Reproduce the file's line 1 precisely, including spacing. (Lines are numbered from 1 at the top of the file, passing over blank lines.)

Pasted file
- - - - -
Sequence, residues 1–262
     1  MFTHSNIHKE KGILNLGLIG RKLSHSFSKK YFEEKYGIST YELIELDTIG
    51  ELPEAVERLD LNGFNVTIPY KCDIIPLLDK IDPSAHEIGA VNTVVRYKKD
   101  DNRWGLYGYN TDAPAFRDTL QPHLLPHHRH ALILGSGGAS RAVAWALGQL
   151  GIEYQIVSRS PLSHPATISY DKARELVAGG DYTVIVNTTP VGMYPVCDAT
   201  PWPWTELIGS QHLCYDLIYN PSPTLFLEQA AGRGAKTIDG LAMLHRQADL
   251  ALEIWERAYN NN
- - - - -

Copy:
Sequence, residues 1–262